It is often difficult to identify the extent of the infection because the clostridium perfringens can work deeper in the fascial layers below the skin. The discharge is different from other anaerobic infections in that it is non-purulent but is thinner than the normal puss and described as sweetly putrid. This is due to the fact that lecithinase and other toxins cause lysis of the neutrophils.
These produced exotoxins can cause severe hemolysis leading to a drop in levels the levels of hemoglobin to very low levels and, when occurring with hypotension, may cause acute tubular necrosis and renal failure
The alpha-toxin is the virulence factor in the pathogenesis of gas gangrene.
Traumatic and post-operative infection or non-traumatic means associated with conditions such as diabetes mellitus, alcoholism, peripheral vascular disease, intravenous drug abuse, malignancies.
What are the toxins produced by clostridium perfringens?
Clostridium perfringens produces at least 20 known exotoxins but the most important exotoxins are as follows:
The alpha-toxin also is known as lecithinase is lethal, necrotizing, hemolytic and cardiotoxic
Iota toxin and Beta toxin – necrotizing and lethal
Epsilon toxin is Lethal, and permease
Delta toxin is lethal, and hemolysin
Phi toxin is a hemolysin and cytolysin
Kappa toxin is lethal, collagenase, gelatinase and necrotizing
Lambda toxin is a protease
Mu toxin is a hyaluronidase
Nu toxin is also lethal, deoxyribonuclease, hemolytic and necrotizing
signs and symptoms
Diagnosis starts from a good clinical examination
The patient will present with the following features.
A sudden pain of the extremities or the affected body part
Tachycardia (rapid heart rate) that is nonproportional to the fever
Bronzing of the skin on the affected areas whereby they turn purple or red
Crepitus caused by gas escaping from the necrotic tissue.
Formation of blebs or bullae
Thin serosanguinous exudate and sweet odor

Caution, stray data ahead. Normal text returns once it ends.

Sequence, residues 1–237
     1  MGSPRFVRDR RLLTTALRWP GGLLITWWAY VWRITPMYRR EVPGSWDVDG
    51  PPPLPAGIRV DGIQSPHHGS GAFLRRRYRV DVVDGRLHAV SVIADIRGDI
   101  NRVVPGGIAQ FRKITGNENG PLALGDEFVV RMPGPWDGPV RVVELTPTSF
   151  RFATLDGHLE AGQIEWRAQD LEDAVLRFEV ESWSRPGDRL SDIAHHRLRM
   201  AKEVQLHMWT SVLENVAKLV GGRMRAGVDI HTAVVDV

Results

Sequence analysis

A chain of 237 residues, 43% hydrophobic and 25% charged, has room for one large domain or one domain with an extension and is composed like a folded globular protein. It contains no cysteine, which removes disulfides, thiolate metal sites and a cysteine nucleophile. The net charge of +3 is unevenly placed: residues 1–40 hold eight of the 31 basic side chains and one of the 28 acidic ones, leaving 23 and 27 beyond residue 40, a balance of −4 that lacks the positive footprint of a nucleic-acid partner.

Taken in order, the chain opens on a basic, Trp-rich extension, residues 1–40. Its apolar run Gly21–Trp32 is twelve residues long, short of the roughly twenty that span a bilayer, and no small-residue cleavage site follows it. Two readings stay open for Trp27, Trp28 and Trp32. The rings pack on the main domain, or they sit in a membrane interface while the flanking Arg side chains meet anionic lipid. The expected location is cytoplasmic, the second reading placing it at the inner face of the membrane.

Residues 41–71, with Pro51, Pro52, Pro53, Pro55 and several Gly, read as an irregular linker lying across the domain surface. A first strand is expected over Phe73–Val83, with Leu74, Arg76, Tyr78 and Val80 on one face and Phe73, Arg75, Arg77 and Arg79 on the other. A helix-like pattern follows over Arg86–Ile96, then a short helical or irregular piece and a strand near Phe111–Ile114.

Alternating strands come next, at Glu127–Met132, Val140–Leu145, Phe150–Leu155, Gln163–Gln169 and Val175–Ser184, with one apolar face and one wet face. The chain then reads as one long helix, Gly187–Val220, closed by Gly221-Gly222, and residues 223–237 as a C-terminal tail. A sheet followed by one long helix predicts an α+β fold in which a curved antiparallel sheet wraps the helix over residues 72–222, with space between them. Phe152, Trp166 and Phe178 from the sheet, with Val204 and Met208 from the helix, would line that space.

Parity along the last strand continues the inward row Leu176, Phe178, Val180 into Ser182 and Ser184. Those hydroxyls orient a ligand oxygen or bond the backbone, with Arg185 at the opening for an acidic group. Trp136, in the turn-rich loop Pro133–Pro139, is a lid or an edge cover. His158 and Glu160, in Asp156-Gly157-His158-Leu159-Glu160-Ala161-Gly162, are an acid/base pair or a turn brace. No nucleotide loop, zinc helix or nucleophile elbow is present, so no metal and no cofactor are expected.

Rapid local extension
In about 3 days the patient is extremely sick, looking toxic and moribund.
Obtunded sensorium and features of systemic toxicity
The infection progresses rapidly to toxemia and shock therefore these patients may present with features of systemic toxicity.
Take a good history and physical assessment of the patient taking into consideration the clinical evidence of crepitus in soft tissue.
Soft tissue x-rays of the involved area are taken to detect gas dissecting along the fascia planes
The absence of gas does not exclude a significant disease.
Stat gram stain of wound exudate for gram-positive bacillus with a paucity of leucocytes
Diagnostic tests and interpretation
Laboratory tests performed are
Complete blood count with differentials will show hemolytic anemia, electrolyte levels, blood urea nitrogen and creatinine levels.
The CBC count may show hemoconcentration and extreme leukocytosis is systemically toxic patients.
These patients will have elevated lactate dehydrogenase (LDH) level
Evaluate the patient for hemolysis
Stat gram stain for wound exudates
Anaerobic cultures of wounds or tissue biopsy
Imaging studies performed include
A radiograph of the affected body part which may show features of soft tissue gas
A CT scan may be done if the affected area is the abdomen or flank.
All patients with gas gangrene must undergo surgical debridement
The differential diagnosis for gas gangrene include;
- Necrotizing fasciitis
- Nonclostridial myositis and myonecrosis
- Othe causes of gas in tissues as from dissection from respiratory or gastrointestinal tracts